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The MGM Grand
 

The MGM Grand following the "Grand Renovation."  Photo taken May 28, 2014. 

 

The 2nd Story entrance to the MGM Grand--from the pedestrian bridge crossing from New York-New York. 

 

In this photo, the MGM Grand prior to the Grand Renovation.  When the MGM Grand opened on December 18, 1993, it was the Emerald City of Oz.  The MGM Grand was extensively refurbished in 1996, and in 2000, and during this time, all of the Oz decor was removed;  the MGM has an art deco look from 1930s Hollywood but still displays emerald green as its primary color.  The Marina Hotel (which originally stood at this location) is the front portion of the building (next to the MGM sign); the Marina closed November 30, 1991 as construction of the rest of the giant edifice began; for a time, the hotel was the MGM-Marina Hotel.

 

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Magician David Copperfield performs at the MGM Grand.  (Photo taken October 12, 2012). 

  

Here is the MGM icon located in the lobby.  There is no doubt about it--"Grand" means HUGE.   The distance from the front doors of the MGM Grand on the Strip to the pool on the other side of the monorail is quite a walk!

  

A wider-view of the lion in the lobby.  The top two floors of the MGM Grand are the Skylofts which are ultra-luxury penthouses.  The Skylofts are independent from the rest of the hotel and received their own five-diamond award.  The Hotel32 at the Monte Carlo has the same function.

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This bronze version of Leo the Lion (at the corner of Las Vegas Blvd and Tropicana) is the second lion motif to exist at this location:  This 50-ton, 45-foot tall statue was installed in 1998.  Originally, the main entrance on the corner was a giant lion head with an open mouth, but this was removed because Asian guests felt it was bad luck to walk into a lion's mouth.

 

Major changes taking place inside and out during the "Grand Renovation"--here, a 140 foot tall crane is set up at the corner of Tropicana and Las Vegas Blvd; the corner of the MGM Grand that featured phasing, multi-colored lights has been torn out.  (Photo taken October 12, 2012). 

 

 

The entrance to the Centrifuge lounge not far from the front doors of the casino.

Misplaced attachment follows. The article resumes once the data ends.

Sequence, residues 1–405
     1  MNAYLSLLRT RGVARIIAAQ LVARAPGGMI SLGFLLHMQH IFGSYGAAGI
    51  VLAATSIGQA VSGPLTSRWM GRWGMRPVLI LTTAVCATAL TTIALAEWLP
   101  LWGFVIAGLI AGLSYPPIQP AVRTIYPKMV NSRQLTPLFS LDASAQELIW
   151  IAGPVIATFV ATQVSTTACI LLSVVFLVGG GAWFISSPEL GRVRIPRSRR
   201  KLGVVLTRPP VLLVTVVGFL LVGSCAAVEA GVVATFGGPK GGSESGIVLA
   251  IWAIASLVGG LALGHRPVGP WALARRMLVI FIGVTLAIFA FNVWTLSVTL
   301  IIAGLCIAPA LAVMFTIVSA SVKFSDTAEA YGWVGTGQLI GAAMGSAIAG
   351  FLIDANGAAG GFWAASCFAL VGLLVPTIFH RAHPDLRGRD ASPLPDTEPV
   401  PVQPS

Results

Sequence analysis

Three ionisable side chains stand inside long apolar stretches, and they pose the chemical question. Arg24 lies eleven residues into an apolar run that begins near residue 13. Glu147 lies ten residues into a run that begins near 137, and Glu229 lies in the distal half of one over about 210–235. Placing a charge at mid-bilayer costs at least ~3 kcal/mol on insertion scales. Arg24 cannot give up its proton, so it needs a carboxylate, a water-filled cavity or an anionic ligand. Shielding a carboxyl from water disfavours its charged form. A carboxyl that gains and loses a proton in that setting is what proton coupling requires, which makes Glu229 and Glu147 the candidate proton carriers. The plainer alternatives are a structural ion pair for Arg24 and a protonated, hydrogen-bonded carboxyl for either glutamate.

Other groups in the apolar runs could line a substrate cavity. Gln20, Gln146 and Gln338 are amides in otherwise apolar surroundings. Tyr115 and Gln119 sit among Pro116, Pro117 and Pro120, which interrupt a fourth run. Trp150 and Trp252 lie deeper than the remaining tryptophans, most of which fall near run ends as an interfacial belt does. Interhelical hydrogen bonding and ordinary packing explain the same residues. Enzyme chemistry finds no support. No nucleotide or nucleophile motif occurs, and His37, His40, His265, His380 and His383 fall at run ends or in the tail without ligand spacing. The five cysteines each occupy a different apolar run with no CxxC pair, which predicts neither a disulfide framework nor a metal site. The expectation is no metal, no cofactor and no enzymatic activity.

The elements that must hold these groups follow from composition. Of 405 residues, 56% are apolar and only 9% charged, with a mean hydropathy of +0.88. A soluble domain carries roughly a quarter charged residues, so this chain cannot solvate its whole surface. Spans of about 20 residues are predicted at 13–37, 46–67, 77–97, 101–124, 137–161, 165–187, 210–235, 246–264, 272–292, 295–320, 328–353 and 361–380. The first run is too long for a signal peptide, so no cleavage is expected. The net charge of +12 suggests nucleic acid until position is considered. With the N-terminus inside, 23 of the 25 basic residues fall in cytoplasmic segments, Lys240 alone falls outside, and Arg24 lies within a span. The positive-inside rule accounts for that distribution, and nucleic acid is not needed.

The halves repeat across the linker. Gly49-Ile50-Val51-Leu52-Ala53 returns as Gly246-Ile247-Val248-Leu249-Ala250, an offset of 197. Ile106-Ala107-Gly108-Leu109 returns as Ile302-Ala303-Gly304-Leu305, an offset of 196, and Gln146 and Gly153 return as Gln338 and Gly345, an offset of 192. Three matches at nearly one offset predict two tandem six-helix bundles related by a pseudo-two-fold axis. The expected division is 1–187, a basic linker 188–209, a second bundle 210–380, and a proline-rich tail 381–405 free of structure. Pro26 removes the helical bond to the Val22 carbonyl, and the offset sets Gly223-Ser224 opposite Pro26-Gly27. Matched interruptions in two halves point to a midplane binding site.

The symbol for Hakkasan with a changing light display.  The prestigious global restaurant offers an "all-encompassing" nightlife experience at the MGM Grand. 

 

Looking into the cavernous casino. 

 

Detailed relief work on the stairs. 

 

Relief art on the stair railings. 

 

Gaming tables at the MGM Grand. 

 

The Hollywood Theatre--the MGM Grand home of magician David Copperfield. 

 

A bronze bust of David Copperfield in front of the Hollywood Theatre. 

 

 

 

The Rouge lounge. 

  

 

Another view of the Rouge--looking to the right from the last picture. 

 

 

The Wolfgang Puck Bar and Grill.

  
 
Fiamma Trattoria and Bar--located at the beginning of the Studio Walk.
 
 

 

A fun and no-cost thing to to do is screen a new television pilot at CBS Television City (near the end of the Studio Walk).  Visitors watch one or two shows and then fill out a computerized questionnaire on what they did and didn't like about the program.   Usually participants are rewarded with fast food and merchant coupons good on the Studio Walk. 

 
 

 

CBS Television City hostess Patricia explains to the would-be critics a little about the program they are to watch and what they must do to register their reactions to various things they like or dislike during the show. 

 
 

 

The Las Vegas Monorail station at the MGM Grand.  This is the southern end of the monorail system; the northern end is at the Sahara. 

 
  

 

The view from a room window at night on the 26th-floor at the MGM Grand; lighted billboards line Tropicana Rd. 

 

 

To the left, the three 475-foot tall (38 story) buildings are the Signature at MGM (a condo-hotel project).  The Signature now stands where the MGM Grand Adventures Theme Park used to be; the park did poorly financially while it existed and did not open for the 2001 season. To the right is the Grand Pool (about a 1/4 mile walk from the hotel room to the pool).  The monorail track can be seen slithering through the property in the lower half of the picture.  In the background is Sunrise Mountain.  The Conference Center is to the right.

 

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Prior to the Grand Renovation

 
 

A small section of the casino located near the front of the MGM Grand.

 
 

Looking out from the second floor near the front of the casino: straight across is the Studio 54 nightclub (now closed), and below is the roof of the Centrifuge lounge. 

 
 

 

The top of the Centrifuge near the entrance of the MGM Grand. 

 

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The MGM Grand hotel lobby. 

 

 

No More Lion Habitat

 
 

A popular exhibit at the MGM Grand was the Lion Habitat.  Up to six lions were on display daily; they are owned by Keith Evans, an exotic animals trainer, and live at his ranch about twelve-miles outside of VegasThe lion habitat closed permanently in February 2012 as part of the MGM's Grand Renovation.   Here, the lions are sleeping on the glass tunnel that provides close-up viewing for guests.  Viewing the habitat was free.

 
 

Getting a close-up look of sleeping lions while in the glass tunnel of the Lion Habitat.

 
 

 

His Majesty getting some shut-eye at the Lion Habitat. 

 

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